# Day 23 CS 254, Spring 2013 A. For any natural number k, let

```Day 23
CS 254, Spring 2013
A. For any natural number k, let
CLIQU Ek = {hGi : G is an undirected graph that contains a k-clique}.
Show that CLIQU Ek ∈ P . (By the way, the k = 3 case is Problem 7.9 in our textbook.)
B. In class we’ve discussed how CLIQU E ∈ N P , and we have almost learned that CLIQU E
is N P -complete. How is it possible that CLIQU Ek ∈ P for any k and yet CLIQU E is N P complete?
At one point in our proof of Theorem 7.20, we assume the existence of a polynomial-time
verifier V , and then conclude that V runs in time nk for some k. Really we should say that V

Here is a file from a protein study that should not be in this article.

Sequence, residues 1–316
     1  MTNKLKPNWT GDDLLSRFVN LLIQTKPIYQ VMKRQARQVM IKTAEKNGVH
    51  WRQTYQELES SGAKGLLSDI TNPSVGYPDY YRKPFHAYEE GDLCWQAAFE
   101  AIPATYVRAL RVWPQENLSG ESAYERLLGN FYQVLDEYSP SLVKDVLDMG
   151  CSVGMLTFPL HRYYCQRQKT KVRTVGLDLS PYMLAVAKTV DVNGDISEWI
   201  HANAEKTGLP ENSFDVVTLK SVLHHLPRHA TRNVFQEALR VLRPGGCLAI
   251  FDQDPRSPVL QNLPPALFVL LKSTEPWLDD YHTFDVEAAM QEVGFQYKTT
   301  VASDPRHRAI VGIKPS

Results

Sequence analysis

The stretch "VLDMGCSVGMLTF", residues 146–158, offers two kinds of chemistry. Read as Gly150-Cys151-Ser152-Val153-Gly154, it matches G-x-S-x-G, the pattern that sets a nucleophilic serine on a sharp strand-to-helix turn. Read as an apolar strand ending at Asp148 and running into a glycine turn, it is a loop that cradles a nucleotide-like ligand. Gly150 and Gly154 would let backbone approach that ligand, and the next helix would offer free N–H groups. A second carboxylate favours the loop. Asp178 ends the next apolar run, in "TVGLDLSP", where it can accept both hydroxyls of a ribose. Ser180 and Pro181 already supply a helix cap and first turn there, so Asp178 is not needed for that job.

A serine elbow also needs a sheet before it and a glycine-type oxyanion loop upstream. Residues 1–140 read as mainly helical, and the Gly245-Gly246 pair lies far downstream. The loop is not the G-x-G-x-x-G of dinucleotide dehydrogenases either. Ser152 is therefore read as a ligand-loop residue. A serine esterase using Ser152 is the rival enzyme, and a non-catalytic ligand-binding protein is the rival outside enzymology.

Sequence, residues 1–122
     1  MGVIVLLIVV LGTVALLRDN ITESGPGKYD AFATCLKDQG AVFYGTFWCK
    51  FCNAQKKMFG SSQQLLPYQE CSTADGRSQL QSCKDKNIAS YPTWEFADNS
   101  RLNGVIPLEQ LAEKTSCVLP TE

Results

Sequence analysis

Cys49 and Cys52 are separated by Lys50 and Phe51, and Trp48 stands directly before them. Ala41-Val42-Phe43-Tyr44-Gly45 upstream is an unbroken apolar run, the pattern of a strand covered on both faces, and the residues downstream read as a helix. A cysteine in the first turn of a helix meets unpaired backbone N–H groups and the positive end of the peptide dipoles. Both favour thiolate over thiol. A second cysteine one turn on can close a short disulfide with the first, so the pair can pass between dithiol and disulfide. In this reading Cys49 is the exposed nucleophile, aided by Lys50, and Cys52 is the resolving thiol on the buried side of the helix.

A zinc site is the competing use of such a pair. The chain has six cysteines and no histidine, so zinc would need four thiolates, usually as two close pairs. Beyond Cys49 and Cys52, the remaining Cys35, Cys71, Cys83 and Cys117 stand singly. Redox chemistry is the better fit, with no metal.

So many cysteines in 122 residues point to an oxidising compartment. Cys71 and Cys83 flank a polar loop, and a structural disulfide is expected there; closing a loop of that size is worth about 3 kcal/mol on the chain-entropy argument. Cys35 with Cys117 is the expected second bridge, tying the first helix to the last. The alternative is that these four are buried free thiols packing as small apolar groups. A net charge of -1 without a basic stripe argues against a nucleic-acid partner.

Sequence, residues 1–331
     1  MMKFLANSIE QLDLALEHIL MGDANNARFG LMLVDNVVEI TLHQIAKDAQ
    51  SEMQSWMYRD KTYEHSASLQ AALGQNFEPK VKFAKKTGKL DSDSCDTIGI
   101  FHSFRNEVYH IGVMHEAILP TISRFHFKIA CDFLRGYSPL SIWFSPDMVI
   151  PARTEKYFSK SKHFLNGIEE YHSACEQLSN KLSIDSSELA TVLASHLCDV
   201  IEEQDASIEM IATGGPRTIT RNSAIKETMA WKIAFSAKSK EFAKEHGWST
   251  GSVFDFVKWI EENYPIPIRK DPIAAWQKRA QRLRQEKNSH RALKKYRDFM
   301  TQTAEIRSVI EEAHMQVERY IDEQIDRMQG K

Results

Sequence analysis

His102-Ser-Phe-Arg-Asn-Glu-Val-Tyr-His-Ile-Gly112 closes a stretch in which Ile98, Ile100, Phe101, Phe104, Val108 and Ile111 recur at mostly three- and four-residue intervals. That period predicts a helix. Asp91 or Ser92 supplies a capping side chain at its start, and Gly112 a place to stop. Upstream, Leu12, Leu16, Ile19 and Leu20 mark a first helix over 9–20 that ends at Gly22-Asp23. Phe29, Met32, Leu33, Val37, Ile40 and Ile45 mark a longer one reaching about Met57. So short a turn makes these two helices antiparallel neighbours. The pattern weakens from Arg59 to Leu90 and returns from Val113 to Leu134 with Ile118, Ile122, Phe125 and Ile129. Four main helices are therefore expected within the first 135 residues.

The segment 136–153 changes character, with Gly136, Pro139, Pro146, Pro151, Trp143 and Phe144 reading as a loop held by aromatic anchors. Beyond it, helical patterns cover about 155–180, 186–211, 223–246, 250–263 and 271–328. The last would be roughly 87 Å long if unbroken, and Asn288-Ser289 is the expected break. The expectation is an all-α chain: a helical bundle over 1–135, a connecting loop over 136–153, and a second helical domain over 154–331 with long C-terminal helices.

runs in time O(nk ) for some k, right? Intuitively, the difference between nk and O(nk ) is the
constants c and N used in the definition of O. By the way, our proof of the Cook-Levin theorem
is also sloppy in this way.
C. Why do we do this? That is, why is it essential to the proof of Theorem 7.20 that the
time be (bounded by) nk ?
D. How can we do this? Given that V is O(nk )-time for some k, how can we conclude that
V is nk -time for some k? Fill in the details. (My answer is moderately long, and goes into detail